Author Topic: Muslim protesters in Bangladesh demand the execution of atheist bloggers  (Read 1246 times)

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Offline Willie

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From the article:

Bangladesh police fired tear gas and rubber bullets Friday in fierce clashes with conservatists demanding the execution of bloggers they accused of blasphemy, killing one person and injuring around 100.
The country’s 12 religious parties called the protests after the Friday prayers in nearly half a million mosques nationwide, demanding the execution of bloggers they say were behind blasphemous writings against Islam and Prophet Mohammed (PBUH).
Tensions have risen in the Muslim-majority nation over the alleged anti-Islamic blog posts by Ahmed Rajib Haider, who was hacked to death last week near his home in the capital Dhaka.

That little "(PBUH)" seems singularly inappropriate given the context. It would be hard to find any religious sensibilities less deserving of respect than those of the rioters in the article. Was the author Muslim, or just scared?

Offline jaimehlers

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Re: Muslim protesters in Bangladesh demand the execution of atheist bloggers
« Reply #1 on: February 24, 2013, 07:57:13 AM »
When someone demands that a person be killed simply because of something they said, they are automatically not deserving of any respect.

Respect is earned, not demanded.
Nullus In Verba, aka "Take nobody's word for it!"  If you can't show it, then you don't know it.

Offline Nick

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Re: Muslim protesters in Bangladesh demand the execution of atheist bloggers
« Reply #2 on: February 24, 2013, 11:40:31 AM »
Damn, is there a way they can see our site?
Yo, put that in your pipe and smoke it.  Quit ragging on my Lord.

Tide goes in, tide goes out !!!

Offline shnozzola

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Offline Quesi

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Re: Muslim protesters in Bangladesh demand the execution of atheist bloggers
« Reply #4 on: February 25, 2013, 08:25:36 AM »
I want to remind folks that context is important.  My understanding is that the blogger was targeted not because he was an atheist, but because he was calling for the death of "war criminals" (from the war for independence in 1971) who had been granted amnesty decades ago.

I am in no way saying that this justifies his murder, which is obviously a horrific act.  And I don't pretend to understand the whole war crime trial issue in Bangladesh, other than to say that in my neighborhood, where we have a huge Bangladeshi community, there is a strong division on this issue, and in my workplace, good friends are arguing and angry about these trials.

This is an excellent article that provides an overview of the situation.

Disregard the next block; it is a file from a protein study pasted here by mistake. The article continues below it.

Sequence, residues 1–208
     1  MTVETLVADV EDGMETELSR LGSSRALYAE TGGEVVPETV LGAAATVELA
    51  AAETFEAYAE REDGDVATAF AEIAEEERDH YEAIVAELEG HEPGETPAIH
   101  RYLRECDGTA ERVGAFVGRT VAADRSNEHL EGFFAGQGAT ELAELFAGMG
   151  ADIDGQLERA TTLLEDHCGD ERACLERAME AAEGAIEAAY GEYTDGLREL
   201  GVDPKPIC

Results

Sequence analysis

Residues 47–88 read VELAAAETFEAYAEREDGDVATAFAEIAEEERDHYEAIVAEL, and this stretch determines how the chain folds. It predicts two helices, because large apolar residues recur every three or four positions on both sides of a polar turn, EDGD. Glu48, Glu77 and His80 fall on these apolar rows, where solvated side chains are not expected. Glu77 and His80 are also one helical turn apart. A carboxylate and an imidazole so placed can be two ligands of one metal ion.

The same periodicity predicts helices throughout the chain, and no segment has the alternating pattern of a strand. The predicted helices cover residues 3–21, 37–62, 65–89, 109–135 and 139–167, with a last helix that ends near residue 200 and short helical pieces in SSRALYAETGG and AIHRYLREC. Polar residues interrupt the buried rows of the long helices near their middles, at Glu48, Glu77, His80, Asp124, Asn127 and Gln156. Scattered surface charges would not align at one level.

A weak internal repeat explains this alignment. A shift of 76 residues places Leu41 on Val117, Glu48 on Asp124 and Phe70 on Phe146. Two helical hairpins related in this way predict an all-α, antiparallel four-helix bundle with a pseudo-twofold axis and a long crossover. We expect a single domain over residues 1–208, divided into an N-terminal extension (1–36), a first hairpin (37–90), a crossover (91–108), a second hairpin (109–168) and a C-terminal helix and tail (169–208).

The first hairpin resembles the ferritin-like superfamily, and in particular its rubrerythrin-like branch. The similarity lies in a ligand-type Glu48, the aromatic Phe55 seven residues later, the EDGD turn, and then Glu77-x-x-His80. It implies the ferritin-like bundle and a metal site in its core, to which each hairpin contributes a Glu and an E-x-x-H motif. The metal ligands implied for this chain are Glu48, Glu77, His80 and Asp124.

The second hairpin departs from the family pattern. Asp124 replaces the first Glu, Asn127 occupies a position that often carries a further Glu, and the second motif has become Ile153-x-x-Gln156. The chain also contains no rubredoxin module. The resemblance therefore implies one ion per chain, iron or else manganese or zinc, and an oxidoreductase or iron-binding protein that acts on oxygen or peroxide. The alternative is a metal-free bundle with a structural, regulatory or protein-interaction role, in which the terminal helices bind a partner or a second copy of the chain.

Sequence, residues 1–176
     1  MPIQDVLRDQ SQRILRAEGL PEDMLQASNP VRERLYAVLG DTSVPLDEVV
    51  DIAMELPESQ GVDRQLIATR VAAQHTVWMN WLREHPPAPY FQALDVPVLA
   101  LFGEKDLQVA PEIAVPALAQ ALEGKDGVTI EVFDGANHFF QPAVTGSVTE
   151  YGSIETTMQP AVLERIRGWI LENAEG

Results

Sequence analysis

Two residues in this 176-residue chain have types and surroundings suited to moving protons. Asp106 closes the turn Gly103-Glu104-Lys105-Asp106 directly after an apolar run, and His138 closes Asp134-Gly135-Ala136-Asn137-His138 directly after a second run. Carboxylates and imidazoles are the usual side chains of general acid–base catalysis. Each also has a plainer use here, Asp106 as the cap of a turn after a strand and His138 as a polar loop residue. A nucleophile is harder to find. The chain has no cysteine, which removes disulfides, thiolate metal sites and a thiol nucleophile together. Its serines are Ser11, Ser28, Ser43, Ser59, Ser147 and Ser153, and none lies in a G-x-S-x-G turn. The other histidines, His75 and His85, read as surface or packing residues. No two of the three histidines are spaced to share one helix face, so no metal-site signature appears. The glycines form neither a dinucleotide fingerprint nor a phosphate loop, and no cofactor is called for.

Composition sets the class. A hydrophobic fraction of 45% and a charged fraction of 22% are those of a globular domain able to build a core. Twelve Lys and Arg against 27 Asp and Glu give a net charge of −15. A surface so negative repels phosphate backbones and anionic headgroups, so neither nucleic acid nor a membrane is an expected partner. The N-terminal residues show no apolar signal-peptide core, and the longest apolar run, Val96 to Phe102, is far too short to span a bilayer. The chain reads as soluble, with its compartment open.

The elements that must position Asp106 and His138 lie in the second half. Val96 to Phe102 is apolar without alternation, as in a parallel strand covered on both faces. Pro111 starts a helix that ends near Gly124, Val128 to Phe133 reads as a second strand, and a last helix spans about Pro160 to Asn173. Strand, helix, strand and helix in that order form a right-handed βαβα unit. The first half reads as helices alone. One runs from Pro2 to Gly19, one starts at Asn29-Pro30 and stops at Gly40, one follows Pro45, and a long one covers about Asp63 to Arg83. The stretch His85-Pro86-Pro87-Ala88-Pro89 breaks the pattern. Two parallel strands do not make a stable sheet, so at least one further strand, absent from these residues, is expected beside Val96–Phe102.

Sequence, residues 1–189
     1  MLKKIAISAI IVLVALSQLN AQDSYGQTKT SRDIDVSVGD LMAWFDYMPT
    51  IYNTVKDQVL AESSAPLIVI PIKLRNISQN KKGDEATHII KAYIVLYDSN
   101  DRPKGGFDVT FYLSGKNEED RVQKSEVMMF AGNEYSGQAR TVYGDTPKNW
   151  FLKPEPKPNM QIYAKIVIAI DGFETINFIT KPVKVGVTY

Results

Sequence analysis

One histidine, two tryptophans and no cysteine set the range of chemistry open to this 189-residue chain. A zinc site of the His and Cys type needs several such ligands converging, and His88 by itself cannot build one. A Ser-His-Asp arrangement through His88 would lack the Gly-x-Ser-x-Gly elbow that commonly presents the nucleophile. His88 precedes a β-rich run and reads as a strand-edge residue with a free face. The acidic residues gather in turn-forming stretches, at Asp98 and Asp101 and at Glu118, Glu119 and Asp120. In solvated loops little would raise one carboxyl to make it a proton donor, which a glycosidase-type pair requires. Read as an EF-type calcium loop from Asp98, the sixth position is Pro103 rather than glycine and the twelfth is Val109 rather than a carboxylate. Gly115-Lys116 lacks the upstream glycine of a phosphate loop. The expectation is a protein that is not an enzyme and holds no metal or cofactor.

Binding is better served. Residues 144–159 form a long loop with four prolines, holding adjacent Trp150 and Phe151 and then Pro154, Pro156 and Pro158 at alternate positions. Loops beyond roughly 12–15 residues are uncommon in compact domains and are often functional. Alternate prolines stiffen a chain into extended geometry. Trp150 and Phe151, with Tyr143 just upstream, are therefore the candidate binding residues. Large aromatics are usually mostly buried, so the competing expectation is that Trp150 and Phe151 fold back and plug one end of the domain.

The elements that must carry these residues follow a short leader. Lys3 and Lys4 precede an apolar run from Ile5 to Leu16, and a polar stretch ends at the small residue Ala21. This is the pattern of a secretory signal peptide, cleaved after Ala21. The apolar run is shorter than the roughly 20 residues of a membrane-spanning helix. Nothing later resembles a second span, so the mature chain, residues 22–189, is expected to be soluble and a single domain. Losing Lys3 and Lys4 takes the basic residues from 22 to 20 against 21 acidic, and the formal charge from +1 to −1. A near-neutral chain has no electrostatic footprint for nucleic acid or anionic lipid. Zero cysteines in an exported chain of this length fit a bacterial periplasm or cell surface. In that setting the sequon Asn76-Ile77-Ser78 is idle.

It argues that the trials and the protests have successfully distracted the populace from the social and economic issues facing the country, and the upcoming elections. 

Here is a segment for those who don't like to click:

Analysts say the protests have worked to the government's advantage and distracted attention from economic and governance issues the opposition had been agitating about. Last year, Hasina scrapped a constitutional provision under which a non-partisan caretaker government oversees elections, leading to the opposition threatening a boycott of parliamentary elections due in early 2014.

"Had it not been for the protests, now we would all be focusing on next year's elections and looking at the government's record in office and the opposition's pledges," said Zafar Sobhan, editor of the Dhaka Tribune, an English daily. "Now, all bets are off and elections seem a distant concern. It is hard to see how things will revert to politics as usual after this."

Asif Mohiuddin, a co-ordinator of the bloggers' network that called for the Shahbag protests, is keen to point out the group's struggle did not start with Shahbag. "We have been waging war on religious fundamentalists on the blogs for years," he said. "Shahbag has been successful because people are so outraged by the war crimes."

Yet some analysts say the narrative of a secular revolution leading the country towards a democratic future may be simplistic. The protests have polarised the country and led to tensions between those who identify themselves as progressive.

"Many are worried about the Shahbag protest's aggressive tone and narrow focus on the death penalty," said one of the editors of, an English language blog. "I wish the unique energy of Shahbag could be channelled into the energy and desire to do thorough research, digging out solid evidence that can result in fair trials that do not require government contortions."

Edited to add:  A friend of mine argues that the prime minister, Sheikh Hasina, is very smart, and that she is using these trials as a political strategy, not as an ideological issue.  It appears she is being successful.  Just about everyone in Bangladesh has a relative who died in the war - a grandfather or great uncle.  And so calling for the death of those who fought on the other side of the war for independence draws on the emotions of the masses, and distracts them from the lousy economy and lack of infrastructure in the nation. 

On the other side of the issue, the fundamentalists get to call for the death of the people who are calling for the death.....
« Last Edit: February 25, 2013, 08:34:23 AM by Quesi »